ADDICTED to Social Media? Maybe it’s time to detox…
The New Year is here and as we all know, it’s the perfect time to make changes. For me, one of the changes I intend to make involves jumping on the detox bandwagon. Now, my detox won’t involve denying myself certain foods or liquor (like that would ever happen). I’m detoxing from social media.
The challenge is that this kind of detox is a funny thing for a person whose job and extracurricular activities involve social media. My job in communications for a health care association has a social media component, and for two years I’ve managed social media responsibilities for my church. Previously, I served as s social media consultant for a D.C. nonprofit. I am out in these social media streets, but I think I need to come in before the street lights come on.
Why a detox? Obviously there’s significant value in connecting via Twitter, Instagram, Facebook, Pinterest, Vine, etc., as a way to share, connect, build community and affect positive change. However, as with most things, there’s a danger to indulging in too much of what should be a great thing.
To my horror, I’ve become one of those people. You know the ones I’m talking about: the people that check their multiple profiles multiple times a day. The people that check and post from their phone at dinner, in church, while hanging out with friends, you name it. The people who check their posts constantly to see which ones have been liked, how many times and by whom. Half of my 45-minute train ride to work involves scrolling through Instagram and Twitter.
I didn’t mean to become a social media junkie. It just kind of happened….said every junkie ever. After all, I need to know what’s going on in the world, and Twitter is great for that. I need to check my church’s Facebook and Twitter profiles to see what folks are saying about the church and if what I crafted in HootSuite posted correctly. Looking at pics on Instagram is no big deal, right? I mean it will only take a few minutes to scroll through the pics and videos, and some of the posts are really inspirational! A friend or acquaintance is celebrating a birthday today, so I have to add a “Happy Birthday!” wall post. Not doing so would just be rude. This is the way people communicate now, so it’s totally fine, right?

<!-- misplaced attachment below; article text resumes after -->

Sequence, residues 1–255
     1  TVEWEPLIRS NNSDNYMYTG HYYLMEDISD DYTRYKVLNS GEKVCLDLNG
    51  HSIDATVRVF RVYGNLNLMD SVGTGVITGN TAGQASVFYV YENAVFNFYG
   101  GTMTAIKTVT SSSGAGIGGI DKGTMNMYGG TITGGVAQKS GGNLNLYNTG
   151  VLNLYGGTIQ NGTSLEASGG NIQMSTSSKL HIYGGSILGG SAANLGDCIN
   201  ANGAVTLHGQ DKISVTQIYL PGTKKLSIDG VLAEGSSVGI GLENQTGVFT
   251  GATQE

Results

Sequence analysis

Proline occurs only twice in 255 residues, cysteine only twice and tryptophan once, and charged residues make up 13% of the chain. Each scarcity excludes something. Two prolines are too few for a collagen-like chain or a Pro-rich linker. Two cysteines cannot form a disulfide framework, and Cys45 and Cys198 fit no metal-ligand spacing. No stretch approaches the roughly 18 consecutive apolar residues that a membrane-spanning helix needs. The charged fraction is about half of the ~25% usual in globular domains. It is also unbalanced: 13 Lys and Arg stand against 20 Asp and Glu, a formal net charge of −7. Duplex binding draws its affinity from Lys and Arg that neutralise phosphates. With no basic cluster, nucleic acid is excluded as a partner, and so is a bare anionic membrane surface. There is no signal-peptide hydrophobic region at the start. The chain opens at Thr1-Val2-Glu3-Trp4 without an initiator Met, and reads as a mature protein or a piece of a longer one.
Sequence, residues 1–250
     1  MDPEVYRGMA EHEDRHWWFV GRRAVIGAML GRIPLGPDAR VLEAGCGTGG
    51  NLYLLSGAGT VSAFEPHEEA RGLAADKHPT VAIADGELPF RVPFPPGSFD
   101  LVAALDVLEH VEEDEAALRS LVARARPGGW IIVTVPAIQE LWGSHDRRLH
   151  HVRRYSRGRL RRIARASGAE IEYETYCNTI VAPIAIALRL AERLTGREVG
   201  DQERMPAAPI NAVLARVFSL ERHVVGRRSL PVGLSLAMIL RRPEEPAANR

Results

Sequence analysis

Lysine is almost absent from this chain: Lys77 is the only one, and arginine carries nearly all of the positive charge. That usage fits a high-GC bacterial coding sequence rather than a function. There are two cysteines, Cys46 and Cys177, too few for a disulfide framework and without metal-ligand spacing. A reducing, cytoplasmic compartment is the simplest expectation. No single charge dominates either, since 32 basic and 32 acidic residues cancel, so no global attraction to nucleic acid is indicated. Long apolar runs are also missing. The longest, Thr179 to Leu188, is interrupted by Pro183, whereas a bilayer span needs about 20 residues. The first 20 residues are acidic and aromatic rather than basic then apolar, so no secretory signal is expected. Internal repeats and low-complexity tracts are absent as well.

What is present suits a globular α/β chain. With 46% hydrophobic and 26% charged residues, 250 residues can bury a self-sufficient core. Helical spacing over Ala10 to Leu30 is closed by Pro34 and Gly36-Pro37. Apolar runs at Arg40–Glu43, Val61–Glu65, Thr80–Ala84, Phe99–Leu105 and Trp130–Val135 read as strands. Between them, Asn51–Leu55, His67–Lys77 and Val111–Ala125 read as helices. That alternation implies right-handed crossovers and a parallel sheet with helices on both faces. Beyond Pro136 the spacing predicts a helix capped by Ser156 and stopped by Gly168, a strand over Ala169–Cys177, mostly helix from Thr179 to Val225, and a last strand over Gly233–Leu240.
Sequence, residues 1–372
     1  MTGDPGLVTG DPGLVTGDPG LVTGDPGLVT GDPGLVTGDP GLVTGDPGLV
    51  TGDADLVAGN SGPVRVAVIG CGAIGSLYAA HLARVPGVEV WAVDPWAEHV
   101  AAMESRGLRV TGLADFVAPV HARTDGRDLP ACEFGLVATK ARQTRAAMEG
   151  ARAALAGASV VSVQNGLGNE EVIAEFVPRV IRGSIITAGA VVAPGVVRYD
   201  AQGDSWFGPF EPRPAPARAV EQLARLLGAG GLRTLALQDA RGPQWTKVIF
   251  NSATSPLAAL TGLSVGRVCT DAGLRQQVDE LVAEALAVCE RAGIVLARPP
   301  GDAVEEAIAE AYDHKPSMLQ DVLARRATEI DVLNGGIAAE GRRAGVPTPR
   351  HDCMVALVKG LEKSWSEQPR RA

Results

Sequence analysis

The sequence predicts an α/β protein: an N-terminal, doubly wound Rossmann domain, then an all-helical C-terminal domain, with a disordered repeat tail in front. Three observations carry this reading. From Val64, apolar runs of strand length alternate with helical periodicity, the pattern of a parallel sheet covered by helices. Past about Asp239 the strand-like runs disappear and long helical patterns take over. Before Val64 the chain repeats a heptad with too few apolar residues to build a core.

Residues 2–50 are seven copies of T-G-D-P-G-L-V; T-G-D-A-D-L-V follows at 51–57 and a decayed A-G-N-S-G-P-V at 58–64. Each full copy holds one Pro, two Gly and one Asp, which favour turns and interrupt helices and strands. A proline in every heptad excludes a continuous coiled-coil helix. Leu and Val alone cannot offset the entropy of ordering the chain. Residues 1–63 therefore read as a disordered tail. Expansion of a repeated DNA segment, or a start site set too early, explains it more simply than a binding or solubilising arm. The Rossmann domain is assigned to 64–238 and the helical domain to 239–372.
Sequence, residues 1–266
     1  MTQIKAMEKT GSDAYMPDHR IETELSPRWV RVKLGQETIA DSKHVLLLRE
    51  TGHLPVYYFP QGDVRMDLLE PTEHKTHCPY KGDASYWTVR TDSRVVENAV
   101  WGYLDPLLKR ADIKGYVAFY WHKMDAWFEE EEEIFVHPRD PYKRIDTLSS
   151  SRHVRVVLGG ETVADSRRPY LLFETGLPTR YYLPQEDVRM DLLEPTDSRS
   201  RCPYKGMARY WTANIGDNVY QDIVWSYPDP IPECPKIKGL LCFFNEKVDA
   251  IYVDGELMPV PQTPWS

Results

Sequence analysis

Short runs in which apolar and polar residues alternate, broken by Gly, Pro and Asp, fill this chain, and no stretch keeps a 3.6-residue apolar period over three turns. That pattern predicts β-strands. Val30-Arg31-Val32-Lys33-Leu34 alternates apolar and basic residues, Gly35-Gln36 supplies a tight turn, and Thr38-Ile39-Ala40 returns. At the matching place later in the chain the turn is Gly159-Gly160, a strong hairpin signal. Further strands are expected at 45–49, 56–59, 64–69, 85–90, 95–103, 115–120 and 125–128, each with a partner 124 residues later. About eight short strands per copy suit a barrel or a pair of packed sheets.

I don’t know about you, but these seemingly innocent activities often lead me into visual social media quicksand. I’ve wasted more time on my smartphone and my laptop scrolling through all things scrollable than I care to admit. I missed a train stop once because I was engrossed in something that I saw on Twitter or Instagram that I now can’t remember. I’ve missed TV shows or bits and pieces of shows that I really wanted to watch because I was too busy tweeting or clicking on hashtags about the show I’m supposed to be watching. And while I read articles I find on social media, I’m constantly haunted by the fact that I could have and should have read a book and instead of burying my face in my phone. Oh the shame of it all.
It’s now gotten to the point where my check-ins are borderline automatic. Consequently, I feel sucked in and bored by what I find because I see so much of the same thing. Oh, and did I mention the general information overload? Lawd! Then I feel bad about myself for wasting so much time looking at what other people are saying and doing instead of actually reading that book, learning to cook steak, cleaning out my closet, figuring out what the heck is a “read option,” SOMETHING!
Social media is supposed to be fun and engaging, but my overconsumption is having the opposite effect, and that my dear friends is why a detox is in order.
Now, don’t get me wrong. Obviously, social media can be great. I’ve been introduced to brilliant minds and enlightening conversations. I’ve read some thought-provoking pieces that I otherwise wouldn’t have known about had it not been for a tweet or a share on Facebook. I’ve also laughed at some of the most ratchet shenanigans thanks to Black Twitter.
Buttttttt, I’m tired of feeling bad. I’m tired of feeling unproductive and typical. I’m tired of missing out on what’s real rather than the carefully curated images and ramblings of people people who can create new identifies and personalities simply to talk loud without saying anything of substance.
Now when I say detox, I don’t mean walking away from the Internet entirely. That’s just not realistic for me. Most activities involve some sort of online engagement, and I have a job and a blog (shameless plug!). What is realistic for me is letting go of the need to be plugged in and in the know all the dang time via social media.
I’m going to detox for two weeks and during that time I’m going to focus on finding an online balance by asking the following questions: How can I be productive on social media? How can I connect without missing what’s right in front of me? What are realistic time limits for my social media engagement? How can I effectively use social media without turning a quick check-in into a complete time suck?
If you’re like me, might I suggest a digital detox? Your eyes, friends and local bookstore will thank you.